Cartography in the land of Ultima Ratio Regum

At long last, here is a full-size copy of a procedurally-generated Ultima Ratio Regum world map! Click to see full size:


From top/bottom to centre, the biomes/climates/biospheres/etc are as follows. The light blue ‘x’s denote polar regions; the pale ‘#’s are tundra; the ‘~’s are taiga when sea green, temperate when green, savannah when pale green, desert when orange and tropical when dark green. Trees of each colour designate forests (or, in the desert, oases) of that particular climate. Grey arrows are mountains; bright red are active volcanoes; dark red are dormant ones. Downward arrows are valleys. The lines, obviously, are rivers.

Naturally, the image itself is the focus of this entry. However, here are a few nice, choice, statistics for you all to peruse on this fine winter’s evening:

– The world map is 200×200 squares. Each is itself 200×200 on the ‘actual’ map, thereby creating a total play area of 40,000 x 40,000 squares. This is to say nothing of interiors, dungeons, etc.

– Viewing the map can show you either terrain, or territory. The above map obviously shows terrain; territory is still being worked on. There’s also an accompanying menu to choose what to show and what not – towers, caves, dungeons, forts, shrines, etc.

– You can attempt to fast travel though any square apart from mountains, volcanoes, and valleys. These must be traveled through manually, but there’s a much higher than average number of features in these squares. For instance, towers are most likely to spawn on mountains, while caves are more likely to spawn part way down valleys.

– Currently oceans cannot be traveled through. I’m not sure how boats and aquatic movement will work just yet…

– Rivers are generally frozen over in polar squares. This makes them a lot easier to cross, but obviously much harder to actually get any fresh water from. Rivers also affect the growth of trees in deserts; a good bet for crossing a desert safely is to stay close to a river. While you’ll have access to water, trees, and animals to hunt, there are going to be fiercer creatures around the same food sources too.

– Animal creatures (as in, those that aren’t intelligent and cannot be recruited) only spawn in certain climates. You’ll find Yetis in the snow; giant scorpions in the desert; Behemoths patrolling the deepest valleys; and so on and so forth.

Anyway, enjoy the picture! Shoot with any questions about map generation in the comments.

Coming Monday 21st: Ultima Ratio Regum, Skyrim, and thoughts on ‘Radiant’ questlines…

Coming Monday 28th: Heightmaps, hills, and the mythical z-axis.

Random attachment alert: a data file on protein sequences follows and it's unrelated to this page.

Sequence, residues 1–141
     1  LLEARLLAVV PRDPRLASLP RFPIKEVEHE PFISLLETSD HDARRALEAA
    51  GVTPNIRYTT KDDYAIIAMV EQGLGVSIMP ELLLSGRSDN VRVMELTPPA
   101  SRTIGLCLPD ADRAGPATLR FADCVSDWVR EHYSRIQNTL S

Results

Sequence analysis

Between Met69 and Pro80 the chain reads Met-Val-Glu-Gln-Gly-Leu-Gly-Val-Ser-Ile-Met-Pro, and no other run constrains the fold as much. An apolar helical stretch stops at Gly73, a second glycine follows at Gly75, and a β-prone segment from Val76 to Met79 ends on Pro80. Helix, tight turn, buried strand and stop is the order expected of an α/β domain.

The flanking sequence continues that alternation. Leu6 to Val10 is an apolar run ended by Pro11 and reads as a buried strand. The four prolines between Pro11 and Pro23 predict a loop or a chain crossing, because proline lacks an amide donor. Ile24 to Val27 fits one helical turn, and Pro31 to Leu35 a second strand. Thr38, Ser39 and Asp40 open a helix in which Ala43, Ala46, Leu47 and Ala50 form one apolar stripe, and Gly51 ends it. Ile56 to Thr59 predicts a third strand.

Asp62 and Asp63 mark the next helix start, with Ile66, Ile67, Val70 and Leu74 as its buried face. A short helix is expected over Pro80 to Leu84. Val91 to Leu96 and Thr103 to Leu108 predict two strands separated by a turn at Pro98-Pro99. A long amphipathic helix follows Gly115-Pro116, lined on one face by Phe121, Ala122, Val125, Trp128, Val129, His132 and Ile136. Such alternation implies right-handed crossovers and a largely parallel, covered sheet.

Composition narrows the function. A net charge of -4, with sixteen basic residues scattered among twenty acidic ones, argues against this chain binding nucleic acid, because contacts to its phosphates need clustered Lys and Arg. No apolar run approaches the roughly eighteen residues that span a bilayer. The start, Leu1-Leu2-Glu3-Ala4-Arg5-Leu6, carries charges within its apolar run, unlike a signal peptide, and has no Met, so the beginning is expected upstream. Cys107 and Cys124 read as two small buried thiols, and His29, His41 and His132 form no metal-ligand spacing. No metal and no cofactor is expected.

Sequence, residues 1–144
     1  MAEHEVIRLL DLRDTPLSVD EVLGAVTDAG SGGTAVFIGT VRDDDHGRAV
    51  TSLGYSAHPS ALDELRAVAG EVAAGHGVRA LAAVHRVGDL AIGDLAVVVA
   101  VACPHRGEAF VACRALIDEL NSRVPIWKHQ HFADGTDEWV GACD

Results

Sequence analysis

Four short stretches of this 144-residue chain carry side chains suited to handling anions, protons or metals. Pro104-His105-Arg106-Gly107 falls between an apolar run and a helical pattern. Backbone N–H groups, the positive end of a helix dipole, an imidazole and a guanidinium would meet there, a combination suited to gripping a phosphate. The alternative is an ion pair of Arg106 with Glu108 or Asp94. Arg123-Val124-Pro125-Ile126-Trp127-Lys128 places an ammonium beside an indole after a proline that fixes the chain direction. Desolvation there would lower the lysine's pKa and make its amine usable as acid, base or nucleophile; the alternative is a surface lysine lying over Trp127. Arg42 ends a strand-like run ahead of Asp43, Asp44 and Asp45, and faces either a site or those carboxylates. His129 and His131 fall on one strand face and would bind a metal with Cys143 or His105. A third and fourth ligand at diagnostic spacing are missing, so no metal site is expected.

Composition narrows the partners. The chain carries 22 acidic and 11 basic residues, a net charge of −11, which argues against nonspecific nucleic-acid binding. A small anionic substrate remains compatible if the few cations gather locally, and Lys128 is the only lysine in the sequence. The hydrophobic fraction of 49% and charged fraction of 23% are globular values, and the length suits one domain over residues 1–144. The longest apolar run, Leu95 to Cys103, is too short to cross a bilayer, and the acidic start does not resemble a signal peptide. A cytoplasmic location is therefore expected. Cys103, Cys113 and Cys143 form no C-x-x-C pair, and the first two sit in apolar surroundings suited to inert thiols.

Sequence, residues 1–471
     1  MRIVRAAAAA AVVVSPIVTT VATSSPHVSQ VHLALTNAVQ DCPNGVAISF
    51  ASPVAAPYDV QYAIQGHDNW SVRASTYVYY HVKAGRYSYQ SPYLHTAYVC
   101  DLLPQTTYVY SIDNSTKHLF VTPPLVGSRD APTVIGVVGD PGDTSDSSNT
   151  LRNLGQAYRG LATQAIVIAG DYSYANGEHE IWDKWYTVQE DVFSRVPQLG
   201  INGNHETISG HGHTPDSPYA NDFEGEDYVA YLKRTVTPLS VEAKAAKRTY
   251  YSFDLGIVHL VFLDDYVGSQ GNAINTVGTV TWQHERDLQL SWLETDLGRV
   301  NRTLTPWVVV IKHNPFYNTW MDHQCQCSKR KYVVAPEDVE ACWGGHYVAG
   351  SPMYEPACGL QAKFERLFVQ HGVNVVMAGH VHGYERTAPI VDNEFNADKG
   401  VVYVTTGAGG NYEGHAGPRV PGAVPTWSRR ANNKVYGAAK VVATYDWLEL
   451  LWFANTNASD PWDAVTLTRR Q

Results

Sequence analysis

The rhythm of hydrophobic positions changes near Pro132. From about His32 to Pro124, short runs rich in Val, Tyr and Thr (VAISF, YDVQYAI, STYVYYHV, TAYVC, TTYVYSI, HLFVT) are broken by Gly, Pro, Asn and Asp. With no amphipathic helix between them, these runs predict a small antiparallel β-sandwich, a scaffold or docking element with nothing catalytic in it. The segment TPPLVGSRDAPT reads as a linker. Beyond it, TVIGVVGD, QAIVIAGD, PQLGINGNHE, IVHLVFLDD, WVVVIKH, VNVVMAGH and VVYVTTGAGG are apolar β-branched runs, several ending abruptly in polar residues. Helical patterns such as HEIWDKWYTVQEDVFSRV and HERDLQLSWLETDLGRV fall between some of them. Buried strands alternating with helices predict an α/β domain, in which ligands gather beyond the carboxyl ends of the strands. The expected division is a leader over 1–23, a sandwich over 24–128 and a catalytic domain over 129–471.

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5 thoughts on “Cartography in the land of Ultima Ratio Regum

  1. Quite awesome !
    My only criticism would be about biome patterns being too much organized as horizontal stripes. It seems latitude impact should be lowered in favor of ground height to get more natural patterns.

  2. What did you end up using for chunking? I think I’ve decided on a garbage-collectable hash that stores a coordinate object on the one side and the map chunk object on the other. When you’re out of range of one chunk (my transitions will be smooth) it will unload (by deleting the only reference in the hash) and load the next one (by adding a new key/value pair to the hash).

    On top of that there will be 3 “index” objects to improve lookup speeds, one for each X, Y, and Z.

    I’m using a different language with different rules for optimization (I’m sure), but what are you doing to solve this problem?

  3. @ Jice – thanks! Yeah, when viewed at this scale, it does become more obvious. It doesn’t look that way in-game, but I could definitely try and add a bit more variation in there.

    @ Xybre – The ‘shelve’ module for Python. It’s going to be tricky making sure things aren’t saved/loaded multiple times over certain squares, or on world map/main map, etc, but it seems to be working well now for the basics. That sounds like a really good system; I considered smooth transitions, but as I say, in a way it’s actually proving better to have distinct squares to cross between : ) – much easier to get entire armies loading/saving at once, rather than parts of an army saving if you move a certain distant from them, or not the whole thing loading if too close, or…

  4. I read this like 3 days ago but I didn’t have a chance to comment. So here it goes.

    It looks great except the horizontal stripe thing Jice mentioned. I guess we won’t notice it while playing but still…

    Are you going to include special biomes like a “cursed” biome? You know, an evil place with dead trees and the undead walking around.

  5. Thanks! Yeah, I think I will try and fiddle with the horizontal banding a bit. Should be easy to do; will probably do it on Wednesday, which I have marked down as a big programming day after a workshop on publication.

    I don’t think so. There will probably be swamps (which need adding, I shouldn’t forget), but biomes have no good/evil axis. What turns up in each area depends on the total level of you + allies, where it is, and what civilizations/cultures are around, but not how innately ‘good’/’evil’ they are : )

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